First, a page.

Solar and wind import tariffs
A hoped for easing of tariffs affecting the renewable energy sector once President Biden took office has not happened.
Two US solar panel manufacturers asked the US International Trade Commission on August 2 to extend US import tariffs on solar panels for another four years beyond February 6, 2022 when the current tariffs expire.
The current tariffs were imposed by President Trump in February 2018 at a 30% rate and were originally supposed to remain in place for four years, with scheduled annual reductions to 25%, 20% and 15% over the period. (For more details, see “Tariffs: Effect on US Power Sector” in the April 2018 NewsWire and “Suniva Tariffs” in the December 2017 NewsWire.) However, last October, Trump increased the tariff in the final year from 15% to 18%. World Trade Organization rules allow the tariffs to be extended by up to another four years, but with continued reductions in rates.
The two companies asking for an extension — Auxin Solar and Suniva, Inc. — asked for “only minimal” future reductions in the rate.
The International Trade Commission has until December 8 to examine whether the tariffs remain necessary to prevent serious injury to US solar panel manufacturers and whether the tariff shield has had a positive effect on US manufacturing.
The decision whether to extend will ultimately be made by President Biden.
Canada is attempting to have the tariffs waived on solar panels made in Canada. It asked a dispute settlement panel on June 18 to address whether the tariffs are allowed under the United States-Mexico-Canada trade agreement.
Meanwhile, the threat of an import tariff on transformers appears to have ended.
The US Department of Commerce announced plans in May 2020 to launch an investigation that could have led to tariffs on imported electrical transformers and their components. The affected components were laminated steel used to make cores, wound cores and transformer regulators.
The investigation was launched at the request of steel company Cleveland-Cliffs Inc., which said other countries are evading US import tariffs on steel by sending electrical steel through Canada and Mexico where it is incorporated into downstream products like transformer cores that are shipped to the United States duty free under the United States-Mexico-Canada trade agreement. (For more details, see “Possible Transformer Tariffs Under Review” in the May 2020 NewsWire and “Multiple Tariff Issues in Play” in the December 2020 NewsWire.)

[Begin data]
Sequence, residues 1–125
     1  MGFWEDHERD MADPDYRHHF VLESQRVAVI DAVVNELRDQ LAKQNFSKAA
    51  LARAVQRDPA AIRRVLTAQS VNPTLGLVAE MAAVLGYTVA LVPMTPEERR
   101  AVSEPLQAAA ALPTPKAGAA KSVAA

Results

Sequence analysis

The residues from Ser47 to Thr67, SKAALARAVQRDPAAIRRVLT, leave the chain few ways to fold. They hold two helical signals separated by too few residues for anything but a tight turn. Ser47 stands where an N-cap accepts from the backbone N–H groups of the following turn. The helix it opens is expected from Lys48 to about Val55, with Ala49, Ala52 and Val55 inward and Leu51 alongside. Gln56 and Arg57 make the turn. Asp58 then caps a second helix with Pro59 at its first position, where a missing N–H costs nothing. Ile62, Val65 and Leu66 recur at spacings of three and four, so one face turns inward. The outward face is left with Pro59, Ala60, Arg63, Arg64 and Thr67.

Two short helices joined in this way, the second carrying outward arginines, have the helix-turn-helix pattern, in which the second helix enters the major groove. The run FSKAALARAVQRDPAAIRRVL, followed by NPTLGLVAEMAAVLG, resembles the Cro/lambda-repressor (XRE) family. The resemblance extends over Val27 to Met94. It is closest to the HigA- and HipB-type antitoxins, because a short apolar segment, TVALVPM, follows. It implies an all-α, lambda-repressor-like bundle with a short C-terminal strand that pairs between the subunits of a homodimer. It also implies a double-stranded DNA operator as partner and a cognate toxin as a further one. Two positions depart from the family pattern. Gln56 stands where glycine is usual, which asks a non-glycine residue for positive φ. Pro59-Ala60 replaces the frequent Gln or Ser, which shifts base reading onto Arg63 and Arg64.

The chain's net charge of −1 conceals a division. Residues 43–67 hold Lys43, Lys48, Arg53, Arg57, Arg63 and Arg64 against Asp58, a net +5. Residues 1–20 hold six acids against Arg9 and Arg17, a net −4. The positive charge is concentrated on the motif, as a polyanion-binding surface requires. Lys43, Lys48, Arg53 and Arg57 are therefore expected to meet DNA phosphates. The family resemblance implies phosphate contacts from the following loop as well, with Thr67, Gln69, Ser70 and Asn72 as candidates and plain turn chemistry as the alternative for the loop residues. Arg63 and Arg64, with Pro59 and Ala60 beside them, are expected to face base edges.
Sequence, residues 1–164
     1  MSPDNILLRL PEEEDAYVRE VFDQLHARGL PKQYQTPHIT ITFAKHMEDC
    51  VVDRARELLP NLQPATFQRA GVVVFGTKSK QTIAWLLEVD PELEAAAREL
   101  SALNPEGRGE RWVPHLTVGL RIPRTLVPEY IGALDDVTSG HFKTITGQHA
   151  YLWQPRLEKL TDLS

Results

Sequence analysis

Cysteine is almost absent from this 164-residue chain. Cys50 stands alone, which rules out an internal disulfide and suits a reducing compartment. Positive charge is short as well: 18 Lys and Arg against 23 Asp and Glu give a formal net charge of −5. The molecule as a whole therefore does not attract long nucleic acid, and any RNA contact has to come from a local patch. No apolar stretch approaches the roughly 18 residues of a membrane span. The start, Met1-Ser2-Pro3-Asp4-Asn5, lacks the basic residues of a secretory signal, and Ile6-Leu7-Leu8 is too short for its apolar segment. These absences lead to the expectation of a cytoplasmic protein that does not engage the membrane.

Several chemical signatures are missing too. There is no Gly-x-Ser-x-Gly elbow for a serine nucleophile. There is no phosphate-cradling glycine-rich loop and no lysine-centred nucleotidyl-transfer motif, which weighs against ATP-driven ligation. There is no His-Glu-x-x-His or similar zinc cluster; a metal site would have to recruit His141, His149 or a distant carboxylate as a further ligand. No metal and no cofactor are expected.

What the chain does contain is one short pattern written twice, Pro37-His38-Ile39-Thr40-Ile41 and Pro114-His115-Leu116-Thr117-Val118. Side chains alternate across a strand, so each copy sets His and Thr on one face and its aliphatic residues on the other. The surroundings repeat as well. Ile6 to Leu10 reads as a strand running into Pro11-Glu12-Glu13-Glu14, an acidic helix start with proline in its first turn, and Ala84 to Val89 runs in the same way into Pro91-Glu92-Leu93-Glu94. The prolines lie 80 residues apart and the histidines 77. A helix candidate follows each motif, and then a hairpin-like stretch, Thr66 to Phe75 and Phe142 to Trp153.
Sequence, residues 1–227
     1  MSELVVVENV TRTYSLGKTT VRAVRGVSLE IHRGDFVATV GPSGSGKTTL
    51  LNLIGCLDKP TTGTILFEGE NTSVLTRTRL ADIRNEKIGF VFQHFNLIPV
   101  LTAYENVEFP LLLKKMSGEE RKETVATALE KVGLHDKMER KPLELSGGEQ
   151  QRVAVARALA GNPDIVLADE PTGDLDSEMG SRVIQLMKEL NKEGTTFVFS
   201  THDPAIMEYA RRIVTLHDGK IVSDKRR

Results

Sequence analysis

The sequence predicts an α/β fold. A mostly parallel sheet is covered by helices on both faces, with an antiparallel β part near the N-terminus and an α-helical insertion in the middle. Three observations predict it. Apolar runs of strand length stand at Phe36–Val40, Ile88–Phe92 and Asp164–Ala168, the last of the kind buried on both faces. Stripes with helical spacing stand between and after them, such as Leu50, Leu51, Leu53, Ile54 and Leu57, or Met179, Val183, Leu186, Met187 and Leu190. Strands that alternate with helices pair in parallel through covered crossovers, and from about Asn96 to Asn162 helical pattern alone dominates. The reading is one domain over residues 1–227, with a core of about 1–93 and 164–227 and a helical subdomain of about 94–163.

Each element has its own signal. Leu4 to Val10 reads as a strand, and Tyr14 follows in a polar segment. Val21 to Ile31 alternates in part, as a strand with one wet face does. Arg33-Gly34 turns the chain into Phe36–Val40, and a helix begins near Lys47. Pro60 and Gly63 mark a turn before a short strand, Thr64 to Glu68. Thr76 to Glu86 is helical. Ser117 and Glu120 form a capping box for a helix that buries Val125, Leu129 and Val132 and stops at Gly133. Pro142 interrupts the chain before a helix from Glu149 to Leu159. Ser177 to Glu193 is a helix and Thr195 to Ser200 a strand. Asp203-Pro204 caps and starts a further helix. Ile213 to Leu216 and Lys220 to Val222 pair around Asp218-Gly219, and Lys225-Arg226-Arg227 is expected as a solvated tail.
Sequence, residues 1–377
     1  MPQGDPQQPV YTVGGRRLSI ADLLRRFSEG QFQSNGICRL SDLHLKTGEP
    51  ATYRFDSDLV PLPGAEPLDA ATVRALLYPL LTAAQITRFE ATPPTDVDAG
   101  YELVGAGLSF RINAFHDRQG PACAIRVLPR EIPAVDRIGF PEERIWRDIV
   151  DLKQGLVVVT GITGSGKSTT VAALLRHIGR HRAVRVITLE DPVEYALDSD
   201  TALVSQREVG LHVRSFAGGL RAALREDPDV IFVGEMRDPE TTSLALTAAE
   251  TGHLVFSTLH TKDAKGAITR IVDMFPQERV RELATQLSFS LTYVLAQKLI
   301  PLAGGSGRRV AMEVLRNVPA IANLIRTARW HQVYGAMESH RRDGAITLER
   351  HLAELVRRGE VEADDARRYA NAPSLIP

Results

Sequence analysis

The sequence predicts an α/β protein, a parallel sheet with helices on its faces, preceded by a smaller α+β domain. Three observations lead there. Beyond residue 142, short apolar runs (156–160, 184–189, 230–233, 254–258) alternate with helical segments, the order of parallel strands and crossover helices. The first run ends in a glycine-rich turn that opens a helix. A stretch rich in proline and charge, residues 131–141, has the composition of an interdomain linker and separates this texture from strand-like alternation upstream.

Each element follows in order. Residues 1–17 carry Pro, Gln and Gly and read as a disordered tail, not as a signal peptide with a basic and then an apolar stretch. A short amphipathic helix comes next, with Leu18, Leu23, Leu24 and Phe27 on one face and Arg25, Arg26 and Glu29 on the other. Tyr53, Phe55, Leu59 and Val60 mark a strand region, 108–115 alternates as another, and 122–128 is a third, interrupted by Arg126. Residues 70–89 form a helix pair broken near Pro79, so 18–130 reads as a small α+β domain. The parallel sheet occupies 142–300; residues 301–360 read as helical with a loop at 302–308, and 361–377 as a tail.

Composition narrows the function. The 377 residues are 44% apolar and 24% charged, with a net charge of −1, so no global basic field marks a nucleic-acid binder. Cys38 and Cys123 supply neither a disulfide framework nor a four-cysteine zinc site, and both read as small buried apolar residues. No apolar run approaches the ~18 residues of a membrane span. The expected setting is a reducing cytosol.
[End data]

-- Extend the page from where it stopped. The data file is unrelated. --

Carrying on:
Cleveland-Cliffs said the imports would force it to close two steel mills in Butler, Pennsylvania and Zanesville, Ohio, two key battleground states in the US presidential race in 2020.
Trump took no action ultimately. The Biden administration released the Commerce Department report that was sent to Trump concluding that the imports are a threat to US national security and recommending that tariffs be imposed.
The 360-day deadline for the president to impose tariffs or other import restrictions in the transformer case has passed.
Separately, the US imposed a 73% anti-dumping duty in early August on wind towers imported from Spain. It had already imposed a 6.4% countervailing duty in July on wind towers imported from Malaysia, and is poised to impose a tentative 54.03% countervailing duty on wind towers from India sometime in August. (For earlier coverage of tariffs on wind towers from Canada, Vietnam, Indonesia and South Korea, see “Unpredictable Tariffs” in the February 2020 NewsWire and “Solar and Wind Tariffs” in the December 2019 NewsWire.)
The US has six domestic wind tower manufacturers in nine states who collectively employ 2,205 workers. The US spent $1.8 billion on wind towers in 2020, of which $955 million were supplied by US manufacturers, according to US International Trade Commission data. Malaysia, India and Spain are the three leading foreign suppliers.